Three Guggenheim Fellowships for Arts & Sciences Faculty
Three Penn Arts & Sciences faculty have been awarded the prestigious Guggenheim Fellowship “on the basis of prior achievement and exceptional promise,” according to the John Simon Guggenheim Memorial Foundation.
The 2022 Guggenheim Fellows are Kimberly Bowes, Professor and Undergraduate Chair of Classical Studies and Director of the Integrated Studies Program, the intensive freshman curriculum for Benjamin Franklin Scholars; Guthrie Ramsey, Professor Emeritus of Music; and Paul Saint-Amour, Walter H. and Leonore C. Annenberg Professor in the Humanities and Chair of the Department of English. A fourth Penn faculty member, Daniel Barber, Associate Professor of Architecture and Chair of the Graduate Group in Architecture in the Weitzman School of Design, was also awarded a fellowship.
They were among 180 fellows chosen from nearly 2,500 applicants in 51 scholarly disciplines in this 97th annual competition for funding to “further the development of scholars and artists by assisting them to engage in research in any field of knowledge and creation in any of the arts, under the freest possible conditions,” the Foundation said.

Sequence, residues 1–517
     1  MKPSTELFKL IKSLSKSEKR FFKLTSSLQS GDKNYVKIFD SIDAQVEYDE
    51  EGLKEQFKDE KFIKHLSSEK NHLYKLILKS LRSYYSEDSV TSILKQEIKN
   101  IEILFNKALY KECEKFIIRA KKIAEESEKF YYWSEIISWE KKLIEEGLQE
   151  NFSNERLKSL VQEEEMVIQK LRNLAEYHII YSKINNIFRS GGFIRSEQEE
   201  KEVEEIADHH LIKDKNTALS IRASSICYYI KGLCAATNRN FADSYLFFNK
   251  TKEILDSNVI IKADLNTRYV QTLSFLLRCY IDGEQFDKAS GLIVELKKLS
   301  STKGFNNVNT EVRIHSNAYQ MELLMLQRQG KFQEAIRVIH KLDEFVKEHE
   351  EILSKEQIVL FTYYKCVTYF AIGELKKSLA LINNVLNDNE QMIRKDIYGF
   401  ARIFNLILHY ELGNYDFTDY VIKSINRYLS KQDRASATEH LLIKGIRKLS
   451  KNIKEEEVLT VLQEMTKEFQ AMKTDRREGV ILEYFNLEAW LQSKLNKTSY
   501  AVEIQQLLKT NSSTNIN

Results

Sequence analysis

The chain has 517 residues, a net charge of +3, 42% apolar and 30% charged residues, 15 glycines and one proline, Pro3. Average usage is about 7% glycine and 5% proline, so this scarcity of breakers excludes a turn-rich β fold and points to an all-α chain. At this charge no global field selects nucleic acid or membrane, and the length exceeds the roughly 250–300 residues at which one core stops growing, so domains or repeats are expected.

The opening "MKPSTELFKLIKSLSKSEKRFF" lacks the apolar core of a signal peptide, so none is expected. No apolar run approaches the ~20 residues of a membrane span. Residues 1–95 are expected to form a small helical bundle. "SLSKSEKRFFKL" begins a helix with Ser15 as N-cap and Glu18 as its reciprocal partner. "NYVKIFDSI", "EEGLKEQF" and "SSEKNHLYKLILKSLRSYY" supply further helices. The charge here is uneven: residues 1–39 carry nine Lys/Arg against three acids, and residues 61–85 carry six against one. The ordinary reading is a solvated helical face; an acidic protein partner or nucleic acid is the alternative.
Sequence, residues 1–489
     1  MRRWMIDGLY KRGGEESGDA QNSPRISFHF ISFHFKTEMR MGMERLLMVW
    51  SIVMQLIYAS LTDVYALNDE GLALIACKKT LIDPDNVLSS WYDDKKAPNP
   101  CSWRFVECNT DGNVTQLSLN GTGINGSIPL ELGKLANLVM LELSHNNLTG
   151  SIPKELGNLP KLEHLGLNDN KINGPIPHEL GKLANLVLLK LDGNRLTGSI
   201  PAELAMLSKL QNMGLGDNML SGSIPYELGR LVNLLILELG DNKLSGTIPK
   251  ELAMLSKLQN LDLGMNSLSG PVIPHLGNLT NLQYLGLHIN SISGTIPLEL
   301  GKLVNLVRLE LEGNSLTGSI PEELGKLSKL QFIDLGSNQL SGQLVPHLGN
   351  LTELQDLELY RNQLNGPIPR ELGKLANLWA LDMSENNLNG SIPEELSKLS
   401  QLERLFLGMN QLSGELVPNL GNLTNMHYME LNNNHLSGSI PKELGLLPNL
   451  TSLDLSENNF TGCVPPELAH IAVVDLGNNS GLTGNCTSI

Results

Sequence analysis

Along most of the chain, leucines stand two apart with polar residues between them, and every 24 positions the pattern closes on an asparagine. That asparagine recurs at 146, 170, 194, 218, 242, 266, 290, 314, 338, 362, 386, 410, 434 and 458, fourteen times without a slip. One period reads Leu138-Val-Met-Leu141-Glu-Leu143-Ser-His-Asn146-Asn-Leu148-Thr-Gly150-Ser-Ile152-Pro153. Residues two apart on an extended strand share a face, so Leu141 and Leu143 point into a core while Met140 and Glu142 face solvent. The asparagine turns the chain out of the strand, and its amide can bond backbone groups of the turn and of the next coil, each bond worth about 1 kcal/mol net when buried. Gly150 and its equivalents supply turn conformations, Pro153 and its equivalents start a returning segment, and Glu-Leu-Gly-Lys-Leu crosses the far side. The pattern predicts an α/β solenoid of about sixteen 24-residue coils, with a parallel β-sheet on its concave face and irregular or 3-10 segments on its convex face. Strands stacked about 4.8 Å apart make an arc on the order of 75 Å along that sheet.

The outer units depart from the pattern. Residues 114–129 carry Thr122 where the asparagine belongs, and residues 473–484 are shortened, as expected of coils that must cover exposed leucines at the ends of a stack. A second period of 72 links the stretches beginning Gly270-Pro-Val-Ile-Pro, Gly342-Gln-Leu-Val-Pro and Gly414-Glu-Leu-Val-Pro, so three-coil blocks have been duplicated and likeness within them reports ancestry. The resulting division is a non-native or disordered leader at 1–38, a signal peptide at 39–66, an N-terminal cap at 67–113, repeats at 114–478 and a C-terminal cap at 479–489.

Bowes, the single recipient in the category of classics, works on the archaeology and material culture of the Roman world. Her research focuses not on the elite class living in the Roman Empire but instead on what she calls “the other 90 percent,” the lived experience of the working poor and the economies that dominated their lives.
Ramsey, one of two fellows selected in the category of music research, is a music historian, pianist, and composer. A member of the American Academy of Arts and Sciences, Ramsey is the author, co-author, or editor of four music history books and biographies, and the founding editor of the blog Musiqology.com.
Saint-Amour, one of five fellows selected in the category of literary criticism, works on 19th- and 20th-century British literature and has special interests in the novel, law, trauma, visual culture, and the environmental humanities. His most recent book, Tense Future: Modernism, Total War, Encyclopedic Form, won the Modernist Studies Association Book Prize and the Modern Language Association’s first Matei Calinescu Prize.
To read more about the recipients, click here.